So they have to drill a releif well. Put some properly weighted concrete at the bottom, where it is possible to do so, where the pressure is approximately the same as the escaping gas. They’ll use concrete, and for extra weight they add cesium formate. Why the formate salt, I don’t know (I’d think the bromide would be heavier). Maybe your cousin would know.
And good for your cousin’s action in diverting that blowout. Though they usually like to get control of them earlier, by noticing the ‘kick’ in the mud flow, and tweaking the mud mix or turning some valves…
(stuff I learned as a reader of The Oil Drum … by the way)
PS … The experts on The Oil Drum were saying, back in the first days of the DWH event, that the operator at the time of that blowout must have had about 20 minutes or a half hour of excess mud flow in between the initial failure and the visible blowout and fire. The well was so deep, that would have been how long it took to blow all the mud out of the wellbore. It was particularly sad for BP, because they had finished the drilling operation and were preparing to put the well into production.
As I recall, that operator did not survive. Bad time to be napping, or not know what you’re doing.
Yep. My cousin described this. The concrete that they put down the hole is supposed to sit on top of the column long enough for it to set up and stop the flow or restrict it, because they don’t always want a full seal, just a smaller bore. There’s a calculation of temperature, pressure and other factors that can predict whether the concrete will set up (solidify) down there and if those calculations are off by 10% (according to cousin) then the concrete approach will fail.
Also, just for simplicity, think about where the oil or methane is underground as a big chamber. It’s not like that in reality, but just imagine a big cave down there, with a little hole that we drilled down into it that comes out of the roof of that cave. Well, if you put a bunch of drippy liquid down there, won’t it just leak down the roof of the cave to displace stuff at the bottom of the cave and push more stuff out the top back up through your little hole? Why yes it does. So we have to put sticky stuff down there and approach with caution, and also use injector wells to pump sea water or something else down there to displace at a comfortable rate.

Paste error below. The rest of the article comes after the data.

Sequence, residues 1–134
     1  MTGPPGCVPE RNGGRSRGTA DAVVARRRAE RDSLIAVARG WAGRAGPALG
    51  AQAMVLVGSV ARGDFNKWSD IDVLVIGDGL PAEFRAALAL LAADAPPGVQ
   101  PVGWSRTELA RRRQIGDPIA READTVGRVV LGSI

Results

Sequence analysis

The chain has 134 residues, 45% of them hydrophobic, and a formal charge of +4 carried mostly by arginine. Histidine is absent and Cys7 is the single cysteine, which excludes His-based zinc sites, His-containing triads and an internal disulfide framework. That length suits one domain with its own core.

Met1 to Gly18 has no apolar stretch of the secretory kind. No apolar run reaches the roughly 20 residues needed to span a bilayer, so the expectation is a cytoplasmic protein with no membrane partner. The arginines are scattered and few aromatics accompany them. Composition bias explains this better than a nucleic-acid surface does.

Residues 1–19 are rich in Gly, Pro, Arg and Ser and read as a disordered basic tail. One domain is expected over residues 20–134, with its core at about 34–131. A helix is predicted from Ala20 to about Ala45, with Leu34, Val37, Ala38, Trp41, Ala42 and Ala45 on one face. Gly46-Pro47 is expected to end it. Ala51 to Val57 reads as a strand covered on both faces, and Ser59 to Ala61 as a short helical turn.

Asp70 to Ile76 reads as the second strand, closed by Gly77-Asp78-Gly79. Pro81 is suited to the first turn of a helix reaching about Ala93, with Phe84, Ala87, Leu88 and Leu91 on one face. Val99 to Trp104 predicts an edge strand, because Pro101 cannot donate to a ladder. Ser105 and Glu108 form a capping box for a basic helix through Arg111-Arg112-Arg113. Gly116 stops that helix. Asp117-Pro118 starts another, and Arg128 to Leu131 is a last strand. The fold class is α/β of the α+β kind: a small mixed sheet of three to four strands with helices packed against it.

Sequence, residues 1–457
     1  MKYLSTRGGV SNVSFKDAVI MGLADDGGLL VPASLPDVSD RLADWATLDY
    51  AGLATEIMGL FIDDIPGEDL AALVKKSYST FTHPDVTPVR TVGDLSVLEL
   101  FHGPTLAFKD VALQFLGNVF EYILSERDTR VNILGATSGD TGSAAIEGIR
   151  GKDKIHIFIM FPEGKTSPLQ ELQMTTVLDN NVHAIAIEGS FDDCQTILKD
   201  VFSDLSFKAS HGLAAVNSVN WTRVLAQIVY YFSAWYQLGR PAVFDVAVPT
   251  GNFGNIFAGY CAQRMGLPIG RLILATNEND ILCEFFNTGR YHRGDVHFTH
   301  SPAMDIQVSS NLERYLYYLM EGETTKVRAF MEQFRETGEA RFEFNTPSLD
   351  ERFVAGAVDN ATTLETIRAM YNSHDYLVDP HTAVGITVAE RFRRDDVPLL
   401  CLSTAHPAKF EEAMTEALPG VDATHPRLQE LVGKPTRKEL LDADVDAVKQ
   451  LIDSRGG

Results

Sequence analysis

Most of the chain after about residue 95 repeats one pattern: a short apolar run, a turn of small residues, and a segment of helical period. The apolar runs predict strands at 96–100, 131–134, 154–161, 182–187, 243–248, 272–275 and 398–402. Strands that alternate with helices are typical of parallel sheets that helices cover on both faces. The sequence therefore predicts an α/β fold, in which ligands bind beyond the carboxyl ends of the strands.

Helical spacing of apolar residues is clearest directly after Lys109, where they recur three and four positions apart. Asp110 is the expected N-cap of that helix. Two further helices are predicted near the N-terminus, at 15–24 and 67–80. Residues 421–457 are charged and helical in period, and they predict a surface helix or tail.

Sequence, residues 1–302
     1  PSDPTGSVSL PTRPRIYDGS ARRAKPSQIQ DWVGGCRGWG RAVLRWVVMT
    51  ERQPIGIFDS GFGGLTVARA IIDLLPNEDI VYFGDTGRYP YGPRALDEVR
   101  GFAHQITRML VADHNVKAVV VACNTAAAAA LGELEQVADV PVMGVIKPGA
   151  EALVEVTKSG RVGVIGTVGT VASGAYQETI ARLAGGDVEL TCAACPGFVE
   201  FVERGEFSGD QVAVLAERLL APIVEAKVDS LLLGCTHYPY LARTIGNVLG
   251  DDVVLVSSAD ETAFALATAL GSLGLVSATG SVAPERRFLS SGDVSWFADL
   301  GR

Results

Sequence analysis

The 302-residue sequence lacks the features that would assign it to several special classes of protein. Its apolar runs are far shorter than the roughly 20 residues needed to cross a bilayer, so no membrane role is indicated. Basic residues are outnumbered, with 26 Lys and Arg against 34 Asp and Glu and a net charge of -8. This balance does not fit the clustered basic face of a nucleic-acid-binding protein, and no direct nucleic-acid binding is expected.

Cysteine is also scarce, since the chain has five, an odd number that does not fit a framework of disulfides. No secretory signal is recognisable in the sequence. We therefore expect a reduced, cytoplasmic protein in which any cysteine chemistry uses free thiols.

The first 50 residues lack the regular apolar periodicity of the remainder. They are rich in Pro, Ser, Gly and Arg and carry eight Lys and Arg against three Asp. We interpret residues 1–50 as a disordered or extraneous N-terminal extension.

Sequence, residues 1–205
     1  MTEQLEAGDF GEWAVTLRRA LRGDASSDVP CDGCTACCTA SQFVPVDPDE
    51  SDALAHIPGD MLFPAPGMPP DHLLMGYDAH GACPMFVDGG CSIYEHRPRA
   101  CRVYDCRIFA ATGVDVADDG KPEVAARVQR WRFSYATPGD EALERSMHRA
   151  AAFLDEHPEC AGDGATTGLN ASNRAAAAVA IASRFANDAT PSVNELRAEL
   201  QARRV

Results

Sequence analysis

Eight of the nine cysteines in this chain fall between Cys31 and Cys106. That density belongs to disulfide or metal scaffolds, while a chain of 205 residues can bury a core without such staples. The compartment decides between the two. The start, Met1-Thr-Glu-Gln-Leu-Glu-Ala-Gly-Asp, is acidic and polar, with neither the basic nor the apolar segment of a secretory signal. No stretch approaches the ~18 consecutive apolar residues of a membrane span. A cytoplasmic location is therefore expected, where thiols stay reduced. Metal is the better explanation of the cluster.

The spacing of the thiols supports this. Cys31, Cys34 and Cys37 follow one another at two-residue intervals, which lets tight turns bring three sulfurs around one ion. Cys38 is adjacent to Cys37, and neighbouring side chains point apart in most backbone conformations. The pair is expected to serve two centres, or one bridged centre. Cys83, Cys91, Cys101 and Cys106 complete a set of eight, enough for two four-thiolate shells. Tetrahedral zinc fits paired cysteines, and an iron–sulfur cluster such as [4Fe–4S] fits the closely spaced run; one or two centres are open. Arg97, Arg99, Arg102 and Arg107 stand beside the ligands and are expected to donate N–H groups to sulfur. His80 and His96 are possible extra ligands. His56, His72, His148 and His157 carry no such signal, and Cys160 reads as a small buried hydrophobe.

So it’s not as simple as filling the hole with stuff. The hole doesn’t have a cap on the bottom. It’s a hole to a void. So the hole has to be systematically restricted for any capping to work.
And yes, the alternative is a relief well that is capp-able, but those take months to drill, because they aren’t straight down and have to be homed in with magnetometers and all other kinds of tech to get them right.
I don’t know, and I’ll have to ask him. They experiment with all kinds of crazy stuff, don’t they? I don’t know how they have engineered this stuff. It all seems so voodoo science to me, even after he explained it all to me.
Yeah, that amazes me, too. They can find a six inch steel pipe, under three miles of rock, and hit it dead center with the second drill. Of course the pipe is magnetic, but I wouldn’t think it could be so accurate.
I said a variation of that exact thing to my cousin! And he said finding that 6 inch pipe is the least of his worries because the magnetometers that find the specific signature of the pipe are that sensitive. It is amazing.
He didn’t explain why the operator was “asleep” on the DWH. All he said was he consistently cannot believe how weak people’s “survival instincts” are on the rigs he visits. He said that it’s so common to engage in group think on these big rigs where guys think other guys “will just take care of it.” Instead of keeping one’s natural skepticism and will to survive front and center.
Otherwise, he made no attempt to explain what actually happened in the booth that day. He said he was amazed at how much like a hotel the DWH was, because he had visited it once well before the disaster.
Wait… weren’t the blow out preventers destroyed in the initial mud gush? Am I remembering correctly?
Couldn’t they collapse the hole by exploding a small nuke nearby and push it shut?
What about freezing it in place with e.g. liquid nitrogen? Use it as a temporary seal until something else can cap the hole above?
Bromide may be too corrosive. Halogenide salts eat metals like mad. Also, formate brine can be 80% concentrated or more; how soluble is caesium bromide?
What technology are they using? How possible is it to rig it from off-the-shelf part? Thoughts, temptations, todo…
Maybe it’s the nature of the group mind people tend to get when in collectives. If it sets in even on oil rigs, no wonder it is so common in boardrooms.
I dunno, but it’s cool to think about!!!
Imagine hanging one under a drone on a long string (away from the engines, possibly also using a glider drone with lower motor currents involved) and doing your own magnetometer surveys of the 'hood!